Bruce Banner’s situation is a little more complex in the comics universe than what we’ve seen in the Marvel Cinematic Universe. For instance, there’s a third personality: the Grey Hulk.

Unlike the rage-filled yet childlike Green Hulk (“Savage Hulk,” as he’s known in the comics), Grey Hulk speaks in full sentences and is smarter and more cunning — although he’s still not as smart as Bruce Banner, and they’re still distinct personalities.

The Grey Hulk is actually a retcon of sorts. In The Hulk’s first appearance (“Incredible Hulk” #1) in 1962, he was grey. According to later accounts, Stan Lee wanted a color not associated with any human ethnicity, and preferred grey, but changed his mind after seeing how that looked after issue #1 came out. From issue #2-on the color was changed to green and for the next 20 years, even reprints of the first issue changed the color to green.

That stopped in 1984, when it was established via flashbacks that Bruce originally turned into Grey Hulk before developing into the more formidable green version. Two years late, in issue #324 (1986), Banner reverted back to transforming into Grey Hulk instead of Green Hulk.

Grey Hulk is a slightly smaller and weaker Hulk than the green version. In the new backstory, Banner originally transformed into the Grey Hulk uncontrollably at night, and Grey Hulk used that time to work as a bouncer in Las Vegas, going by the name Mr. Fixit.

Around the same time (starting in 1985), Banner’s split personality issues began to be explained in the comics as stemming from abuse as a child, his Hulk personas the result of dissociative identity disorder stemming from that trauma. There are apparently other potential Hulk personas buried inside Banner, but only the strongest of them ever manifest on the surface. The main personalities have even been merged together, creating different versions, such as the Savage Grey Hulk, the Gravage Hulk, and two we think tie most closely to “Infinity War”: the Merged Hulk, and “Doc Green.”

The Merged Hulk, who first showed up in 1991, is a version of the Hulk in which all the personalities come together into a single, balanced person — and that includes the Banner personality. The character is as powerful as Hulk at his strongest, but is able to use Banner’s intellect. Basically, it’s Hulk at his most well-adjusted. This version called himself “The Professor” and claimed to be the best of all components of Banner, but this was later retconned as a reality distortion.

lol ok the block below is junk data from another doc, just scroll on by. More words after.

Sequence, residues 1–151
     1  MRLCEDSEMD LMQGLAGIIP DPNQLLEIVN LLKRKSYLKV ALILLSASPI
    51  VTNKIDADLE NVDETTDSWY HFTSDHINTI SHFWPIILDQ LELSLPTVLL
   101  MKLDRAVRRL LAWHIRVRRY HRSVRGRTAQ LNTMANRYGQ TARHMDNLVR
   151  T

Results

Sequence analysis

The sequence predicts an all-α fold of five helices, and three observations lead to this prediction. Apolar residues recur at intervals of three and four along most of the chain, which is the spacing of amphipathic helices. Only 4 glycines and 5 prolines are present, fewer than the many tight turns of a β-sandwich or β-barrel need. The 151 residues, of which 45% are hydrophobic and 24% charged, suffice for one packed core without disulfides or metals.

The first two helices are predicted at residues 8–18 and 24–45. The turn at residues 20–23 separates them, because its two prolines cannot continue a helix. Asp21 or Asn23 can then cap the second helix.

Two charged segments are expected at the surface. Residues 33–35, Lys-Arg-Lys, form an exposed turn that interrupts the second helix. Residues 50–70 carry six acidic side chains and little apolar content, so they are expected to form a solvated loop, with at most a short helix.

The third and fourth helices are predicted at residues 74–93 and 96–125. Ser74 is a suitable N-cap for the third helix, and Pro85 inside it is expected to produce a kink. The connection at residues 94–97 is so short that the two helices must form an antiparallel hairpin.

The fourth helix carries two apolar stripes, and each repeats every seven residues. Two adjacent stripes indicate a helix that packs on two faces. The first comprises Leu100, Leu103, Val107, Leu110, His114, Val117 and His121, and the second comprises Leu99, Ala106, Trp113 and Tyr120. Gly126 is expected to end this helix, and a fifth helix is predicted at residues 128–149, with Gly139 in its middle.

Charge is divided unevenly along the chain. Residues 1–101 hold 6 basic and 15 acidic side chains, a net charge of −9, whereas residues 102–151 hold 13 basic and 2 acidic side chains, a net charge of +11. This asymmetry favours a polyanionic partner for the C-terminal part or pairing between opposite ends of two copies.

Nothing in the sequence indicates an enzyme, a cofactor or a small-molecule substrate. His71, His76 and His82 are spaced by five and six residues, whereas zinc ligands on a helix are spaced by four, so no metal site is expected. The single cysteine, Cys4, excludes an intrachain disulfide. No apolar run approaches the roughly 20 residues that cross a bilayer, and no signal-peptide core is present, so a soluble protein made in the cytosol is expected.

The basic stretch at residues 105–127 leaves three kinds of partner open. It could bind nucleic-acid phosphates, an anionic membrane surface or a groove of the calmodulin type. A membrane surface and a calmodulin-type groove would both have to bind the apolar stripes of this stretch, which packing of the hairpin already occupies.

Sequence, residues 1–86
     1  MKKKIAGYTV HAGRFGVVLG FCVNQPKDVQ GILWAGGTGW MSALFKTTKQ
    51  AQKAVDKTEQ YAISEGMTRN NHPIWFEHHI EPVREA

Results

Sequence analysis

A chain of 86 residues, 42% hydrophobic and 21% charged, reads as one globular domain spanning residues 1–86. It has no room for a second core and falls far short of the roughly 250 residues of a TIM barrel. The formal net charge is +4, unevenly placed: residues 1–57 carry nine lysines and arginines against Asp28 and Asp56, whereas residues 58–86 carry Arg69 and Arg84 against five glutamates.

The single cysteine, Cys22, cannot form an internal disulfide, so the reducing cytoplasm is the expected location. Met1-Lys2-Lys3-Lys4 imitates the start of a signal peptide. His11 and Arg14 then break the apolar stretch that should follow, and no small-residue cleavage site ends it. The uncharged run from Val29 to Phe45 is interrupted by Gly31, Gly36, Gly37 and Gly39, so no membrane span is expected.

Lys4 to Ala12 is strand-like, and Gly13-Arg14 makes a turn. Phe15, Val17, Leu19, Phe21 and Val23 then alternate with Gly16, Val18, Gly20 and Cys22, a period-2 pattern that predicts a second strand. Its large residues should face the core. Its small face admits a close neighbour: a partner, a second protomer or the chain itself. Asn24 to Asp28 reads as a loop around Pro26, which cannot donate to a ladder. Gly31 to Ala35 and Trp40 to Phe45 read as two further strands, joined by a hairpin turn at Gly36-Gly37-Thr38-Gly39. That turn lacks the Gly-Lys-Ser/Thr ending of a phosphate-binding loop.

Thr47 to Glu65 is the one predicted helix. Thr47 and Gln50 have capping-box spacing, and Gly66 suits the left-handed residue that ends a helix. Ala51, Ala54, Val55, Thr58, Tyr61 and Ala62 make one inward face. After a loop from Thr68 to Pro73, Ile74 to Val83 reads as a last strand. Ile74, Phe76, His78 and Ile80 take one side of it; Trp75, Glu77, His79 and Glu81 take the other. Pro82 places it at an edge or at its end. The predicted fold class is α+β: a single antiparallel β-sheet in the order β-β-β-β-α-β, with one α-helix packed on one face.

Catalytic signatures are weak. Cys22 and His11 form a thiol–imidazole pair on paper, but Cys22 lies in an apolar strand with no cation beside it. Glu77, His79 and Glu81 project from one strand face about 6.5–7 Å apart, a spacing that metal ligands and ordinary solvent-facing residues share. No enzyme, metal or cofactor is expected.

More recently, a new version of Hulk appeared in the comics — Doc Green. In a 2014 storyline, Bruce Banner exposed himself to chemicals that reacted with the Extremis virus (that’s the one that allowed for genetic manipulation, which bad guy Aldrich Killian (Guy Pearce) planned to use in “Iron Man 3”), creating a super-smart version of the Hulk persona. It was basically Hulk with Banner’s brain, although not his personality.

A Banner-ized version of Hulk feels like culmination of a long-term story heading into “Avengers 4,” as Banner and The Hulk figure things out.

At first, Bruce Banner was all about fighting to repress his Savage Hulk identity, because when he Hulks out, the Hulk’s rage is often indiscriminate and innocent people get hurt. That’s the focus of both Marvel’s recent “Hulk” movies, particularly 2009’s “The Incredible Hulk,” which is part of the MCU (though Ed Norton played Banner in that one, rather than Ruffalo).